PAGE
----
According the International Labour Organization,  “At any given time in 2016, an estimated 40.3 million people are in modern slavery, including 24.9 million in forced labour and 15.4 million in forced marriage.” The Department of Homeland Security actively combats human trafficking through the efforts of the Blue Campaign.

Each HSDL In Focus brings together short lists of resources in the HSDL collection that are highly relevant to current events.

Please Note: An HSDL account may be required to view some resources.

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Center for Homeland Defense and Security Releases Annotated Multi-Media Version of Worldwide Threat Assessment

The Center for Homeland Defense and Security (CHDS) created the Annotated Worldwide Threat Assessment 2019—an interactive multi-media tool highlighting key features of the Worldwide Threat Assessment of the US Intelligence Community presented last month by the Office of the Director of National Intelligence (ODNI) to the U.S. Senate Select Committee on Intelligence.

This tool allows users to click through an outline version of the Assessment detailing the current primary threats to US national security; and, provides links to relevant supplemental information that support the issues raised in the report.

The primary global threats to US national security include:

Various regions present unique threats to US national security and these are detailed in an easy to navigate format. The regions outlined include Russia and China, East Asia, Middle East and North Africa, South Asia, Russia and Eurasia, Europe, Africa, and the Western Hemisphere.

Previous Annotated Worldwide Threat Assessments interactive presentations can be found here.

More resources and reports on can be found at the Homeland Security Digital Library (HSDL).

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Quickly Moving Magnetic Pole Forces Early Update of World Magnetic Model

The World Magnetic Model (WMM) was developed to simulate and predict the movement of the Earth’s magnetic poles which diverge from true north and south by approximately 11 degrees. This divergence is constantly changing, however, so navigation and satellite systems rely on the WMM to maintain accuracy. The WMM is updated every five years to account for changes in the rate of movement of the Earth’s geomagnetic field.

Scientists from the National Centers for Environmental Information (NCEI) were forced to release an early update to the WMM in February when it was found that the movement of the north magnetic pole was accelerating. The government shutdown delayed this update from happening in January. The magnetic pole is now moving toward Siberia at a rate of more than 34 miles per year. The next update of the WMM was scheduled for—and will occur again—in 2020. Concerns that this may signal a full magnetic reversal have emerged as well. Reversals in the Earth’s magnetic field are common in the geological record, but have not occurred notably during the human epoch and certainly not during the technological age in which the effect on human society could be dramatic.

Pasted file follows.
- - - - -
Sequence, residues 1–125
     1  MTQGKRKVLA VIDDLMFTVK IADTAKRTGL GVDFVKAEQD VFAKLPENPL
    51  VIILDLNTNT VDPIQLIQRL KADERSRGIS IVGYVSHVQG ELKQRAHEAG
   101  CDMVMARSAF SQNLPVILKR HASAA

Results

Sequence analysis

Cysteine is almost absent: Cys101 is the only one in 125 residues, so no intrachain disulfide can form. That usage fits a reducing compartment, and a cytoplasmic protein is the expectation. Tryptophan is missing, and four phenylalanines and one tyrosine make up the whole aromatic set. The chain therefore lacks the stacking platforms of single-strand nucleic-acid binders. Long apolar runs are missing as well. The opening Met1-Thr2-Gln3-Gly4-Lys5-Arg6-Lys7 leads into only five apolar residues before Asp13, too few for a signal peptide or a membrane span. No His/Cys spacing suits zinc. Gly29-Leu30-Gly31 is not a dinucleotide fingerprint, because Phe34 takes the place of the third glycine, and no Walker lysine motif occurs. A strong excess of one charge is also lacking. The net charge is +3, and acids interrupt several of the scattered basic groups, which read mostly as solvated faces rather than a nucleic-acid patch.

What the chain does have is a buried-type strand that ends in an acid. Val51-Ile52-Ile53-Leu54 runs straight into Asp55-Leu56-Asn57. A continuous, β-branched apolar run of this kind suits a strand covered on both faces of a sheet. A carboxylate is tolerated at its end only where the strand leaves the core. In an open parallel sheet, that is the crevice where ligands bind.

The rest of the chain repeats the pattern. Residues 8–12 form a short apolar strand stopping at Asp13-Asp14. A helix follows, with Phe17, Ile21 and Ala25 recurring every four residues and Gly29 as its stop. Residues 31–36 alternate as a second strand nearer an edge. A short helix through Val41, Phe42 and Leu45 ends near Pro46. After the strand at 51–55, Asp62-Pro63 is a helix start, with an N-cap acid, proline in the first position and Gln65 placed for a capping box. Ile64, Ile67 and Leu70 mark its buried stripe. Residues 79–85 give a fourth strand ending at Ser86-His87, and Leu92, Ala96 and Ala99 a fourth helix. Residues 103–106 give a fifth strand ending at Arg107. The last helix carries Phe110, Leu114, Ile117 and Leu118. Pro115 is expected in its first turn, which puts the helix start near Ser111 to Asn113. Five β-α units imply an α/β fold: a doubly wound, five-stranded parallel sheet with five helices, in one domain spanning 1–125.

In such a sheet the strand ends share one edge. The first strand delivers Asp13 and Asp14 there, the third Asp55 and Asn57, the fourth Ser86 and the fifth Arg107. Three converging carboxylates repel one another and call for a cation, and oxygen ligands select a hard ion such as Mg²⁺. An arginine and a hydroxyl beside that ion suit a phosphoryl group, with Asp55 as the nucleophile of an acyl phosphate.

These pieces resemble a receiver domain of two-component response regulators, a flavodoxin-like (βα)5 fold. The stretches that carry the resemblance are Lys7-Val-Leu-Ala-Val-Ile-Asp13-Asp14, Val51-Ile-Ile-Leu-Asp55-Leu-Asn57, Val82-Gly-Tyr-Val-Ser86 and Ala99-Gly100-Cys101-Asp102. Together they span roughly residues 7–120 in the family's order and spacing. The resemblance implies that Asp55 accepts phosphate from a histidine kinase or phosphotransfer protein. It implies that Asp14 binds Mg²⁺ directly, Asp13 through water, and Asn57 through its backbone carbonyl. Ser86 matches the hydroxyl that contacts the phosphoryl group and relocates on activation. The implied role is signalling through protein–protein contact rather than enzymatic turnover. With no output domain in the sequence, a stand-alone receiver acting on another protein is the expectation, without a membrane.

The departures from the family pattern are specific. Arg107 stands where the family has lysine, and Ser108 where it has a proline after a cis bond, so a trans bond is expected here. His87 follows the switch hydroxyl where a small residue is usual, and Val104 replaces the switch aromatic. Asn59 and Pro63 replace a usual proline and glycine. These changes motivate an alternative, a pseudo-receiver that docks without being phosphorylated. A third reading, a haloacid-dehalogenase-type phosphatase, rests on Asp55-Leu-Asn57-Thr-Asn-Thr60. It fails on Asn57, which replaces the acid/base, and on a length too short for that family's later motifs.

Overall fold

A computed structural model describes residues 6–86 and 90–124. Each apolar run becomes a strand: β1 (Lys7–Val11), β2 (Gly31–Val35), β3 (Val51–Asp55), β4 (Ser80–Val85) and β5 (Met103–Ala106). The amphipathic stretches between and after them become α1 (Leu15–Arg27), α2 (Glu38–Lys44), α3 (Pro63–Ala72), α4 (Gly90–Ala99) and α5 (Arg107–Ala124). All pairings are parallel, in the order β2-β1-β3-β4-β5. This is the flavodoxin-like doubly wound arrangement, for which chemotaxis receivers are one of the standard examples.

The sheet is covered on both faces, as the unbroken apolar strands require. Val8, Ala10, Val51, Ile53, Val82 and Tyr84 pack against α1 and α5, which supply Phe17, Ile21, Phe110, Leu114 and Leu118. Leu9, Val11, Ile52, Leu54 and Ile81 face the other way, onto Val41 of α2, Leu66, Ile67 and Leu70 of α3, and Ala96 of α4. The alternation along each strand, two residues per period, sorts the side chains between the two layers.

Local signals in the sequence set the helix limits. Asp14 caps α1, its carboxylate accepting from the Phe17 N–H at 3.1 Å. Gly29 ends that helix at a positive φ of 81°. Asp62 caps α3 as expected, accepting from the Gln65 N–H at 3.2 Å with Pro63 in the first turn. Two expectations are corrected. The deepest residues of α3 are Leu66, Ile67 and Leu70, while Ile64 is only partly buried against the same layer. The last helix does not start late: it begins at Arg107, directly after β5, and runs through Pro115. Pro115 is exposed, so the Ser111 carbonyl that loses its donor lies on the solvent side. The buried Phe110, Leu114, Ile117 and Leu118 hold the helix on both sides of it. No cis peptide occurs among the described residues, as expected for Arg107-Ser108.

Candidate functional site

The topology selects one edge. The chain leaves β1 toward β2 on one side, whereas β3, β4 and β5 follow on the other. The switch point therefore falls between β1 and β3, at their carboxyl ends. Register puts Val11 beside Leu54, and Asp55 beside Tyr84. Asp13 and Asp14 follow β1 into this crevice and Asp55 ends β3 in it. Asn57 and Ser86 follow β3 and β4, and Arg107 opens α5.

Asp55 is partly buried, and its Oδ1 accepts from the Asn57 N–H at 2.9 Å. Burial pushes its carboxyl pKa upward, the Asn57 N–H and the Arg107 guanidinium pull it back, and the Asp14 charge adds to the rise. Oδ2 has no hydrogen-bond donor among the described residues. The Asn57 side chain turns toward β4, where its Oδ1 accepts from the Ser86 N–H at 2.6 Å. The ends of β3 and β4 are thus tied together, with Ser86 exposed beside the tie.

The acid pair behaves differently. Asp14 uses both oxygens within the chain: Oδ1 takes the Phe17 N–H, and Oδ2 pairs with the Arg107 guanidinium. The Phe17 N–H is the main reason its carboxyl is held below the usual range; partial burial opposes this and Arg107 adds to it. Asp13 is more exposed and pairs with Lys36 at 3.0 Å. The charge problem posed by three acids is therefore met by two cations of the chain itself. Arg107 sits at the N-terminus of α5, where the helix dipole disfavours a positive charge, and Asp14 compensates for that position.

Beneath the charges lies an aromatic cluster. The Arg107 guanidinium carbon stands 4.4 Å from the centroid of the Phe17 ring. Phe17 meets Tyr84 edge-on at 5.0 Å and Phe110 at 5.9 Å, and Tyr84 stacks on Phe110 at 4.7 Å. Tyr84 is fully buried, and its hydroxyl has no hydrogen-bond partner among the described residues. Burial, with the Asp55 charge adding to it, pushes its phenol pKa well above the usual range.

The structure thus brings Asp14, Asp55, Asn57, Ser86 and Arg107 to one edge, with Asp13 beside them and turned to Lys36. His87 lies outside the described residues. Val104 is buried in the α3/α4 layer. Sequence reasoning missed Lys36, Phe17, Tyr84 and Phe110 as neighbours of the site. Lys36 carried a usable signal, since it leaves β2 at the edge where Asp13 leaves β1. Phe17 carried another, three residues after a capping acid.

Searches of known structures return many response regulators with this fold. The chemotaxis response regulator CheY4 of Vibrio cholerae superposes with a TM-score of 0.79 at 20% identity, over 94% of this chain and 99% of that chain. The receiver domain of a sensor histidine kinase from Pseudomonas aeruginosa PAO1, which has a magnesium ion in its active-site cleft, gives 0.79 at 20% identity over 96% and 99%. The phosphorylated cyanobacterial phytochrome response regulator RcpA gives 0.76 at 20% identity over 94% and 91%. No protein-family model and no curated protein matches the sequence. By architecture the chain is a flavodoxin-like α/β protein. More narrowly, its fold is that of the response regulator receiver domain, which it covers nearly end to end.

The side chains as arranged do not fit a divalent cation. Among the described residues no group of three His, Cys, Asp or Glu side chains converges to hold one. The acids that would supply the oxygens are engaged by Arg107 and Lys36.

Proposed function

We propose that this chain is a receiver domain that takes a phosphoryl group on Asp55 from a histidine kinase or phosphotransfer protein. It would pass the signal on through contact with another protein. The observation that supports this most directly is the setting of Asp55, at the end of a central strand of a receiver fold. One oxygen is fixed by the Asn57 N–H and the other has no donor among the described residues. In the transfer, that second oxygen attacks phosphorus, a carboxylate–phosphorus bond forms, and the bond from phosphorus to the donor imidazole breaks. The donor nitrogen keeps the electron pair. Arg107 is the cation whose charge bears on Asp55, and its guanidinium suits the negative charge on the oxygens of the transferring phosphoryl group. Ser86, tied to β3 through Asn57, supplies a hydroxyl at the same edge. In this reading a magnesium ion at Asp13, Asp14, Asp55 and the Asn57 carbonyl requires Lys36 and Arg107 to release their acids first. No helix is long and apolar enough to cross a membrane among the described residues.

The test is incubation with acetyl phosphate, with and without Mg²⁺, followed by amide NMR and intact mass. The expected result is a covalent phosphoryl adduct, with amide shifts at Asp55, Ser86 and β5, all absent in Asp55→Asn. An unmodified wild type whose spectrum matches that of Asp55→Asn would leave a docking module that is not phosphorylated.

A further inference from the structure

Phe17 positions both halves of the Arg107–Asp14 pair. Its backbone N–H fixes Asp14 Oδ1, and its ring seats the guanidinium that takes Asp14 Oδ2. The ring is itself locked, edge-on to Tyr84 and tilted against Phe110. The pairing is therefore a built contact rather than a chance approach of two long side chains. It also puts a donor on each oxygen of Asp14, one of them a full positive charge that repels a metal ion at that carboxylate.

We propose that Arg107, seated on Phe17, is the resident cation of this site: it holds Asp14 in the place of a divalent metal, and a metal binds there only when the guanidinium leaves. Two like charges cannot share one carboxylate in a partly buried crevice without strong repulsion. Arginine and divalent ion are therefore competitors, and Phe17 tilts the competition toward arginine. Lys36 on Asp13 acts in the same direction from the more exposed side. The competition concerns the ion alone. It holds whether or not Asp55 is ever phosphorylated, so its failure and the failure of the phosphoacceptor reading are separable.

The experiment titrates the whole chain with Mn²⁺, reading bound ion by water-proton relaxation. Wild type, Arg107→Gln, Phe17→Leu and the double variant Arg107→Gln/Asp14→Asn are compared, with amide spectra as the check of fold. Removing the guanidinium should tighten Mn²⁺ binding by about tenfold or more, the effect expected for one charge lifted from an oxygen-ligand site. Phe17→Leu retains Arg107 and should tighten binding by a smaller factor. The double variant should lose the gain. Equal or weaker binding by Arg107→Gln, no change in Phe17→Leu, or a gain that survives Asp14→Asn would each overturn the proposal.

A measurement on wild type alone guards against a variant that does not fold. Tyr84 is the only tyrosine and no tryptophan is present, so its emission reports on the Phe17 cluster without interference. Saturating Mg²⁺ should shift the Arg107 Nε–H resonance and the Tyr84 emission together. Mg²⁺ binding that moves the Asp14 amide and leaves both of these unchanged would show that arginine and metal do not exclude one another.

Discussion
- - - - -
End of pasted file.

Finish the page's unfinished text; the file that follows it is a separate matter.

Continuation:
The WMM is crucial for supporting the U.S. defense sector and other governmental organizations. NASA, the Federal Aviation Administration, the U.S. Military, Forest Service, and Geological Survey, and many more agencies, rely on inputs from the WMM to maintain navigation and satellite systems, all of which are vital for maintaining Homeland Security.

The NCEI invites individuals to become citizen scientists by installing and using an application called CrowdMag. Geolocation information from many users around the world helps scientists add greater resolution to models such as the WMM, improving navigational accuracy.

More resources and reports can be found at the Homeland Security Digital Library (HSDL).

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Trump Administration Updates National Drug Control Strategy

The

This Strategy focuses on reducing access to drugs (illicit and pharmaceutical), improving access to treatment and recovery programs, disrupting illicit drug trafficking networks, and improving education and awareness programs. The predominant metric for success is identified as a reduction in number of people dying from drug use and overdose in the U.S.

The Strategy addresses the current opioid crisis, which President Trump declared a public health emergency in 2017, and recognizes the emerging threat from synthetic drugs. Synthetic drugs can be cheaper to make, easier to traffic, and more potent, possibly drawing a larger interest in the drug trafficking market. An increase in cocaine production and distribution since 2015 is also noted.

The President’s goal is to build a “stronger, healthier, drug free society today and in the years to come by drastically reducing the number of Americans losing their lives to drug addiction in today’s crisis.” The Strategy asks that federal, state, and tribal governments, the healthcare industry, local communities, and foreign partners work together to combat the challenge of drug use and addiction.

Some of the links in this report require institutional access, click here to access the full report.

More resources and reports can be found at the Homeland Security Digital Library (HSDL).

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Combating Terrorist Financing

The U.S. Department of the Treasury released its

Transnational criminal organizations, terrorists, and weapons proliferation are the primary drivers of illicit financing activities, according to Illicit Finance Strategy report. Money laundering, misuse of the U.S. financial system, and abuse of virtual currencies facilitate the movement of money to terrorist organizations from activities such as fraud, drug trafficking, corruption, and human trafficking.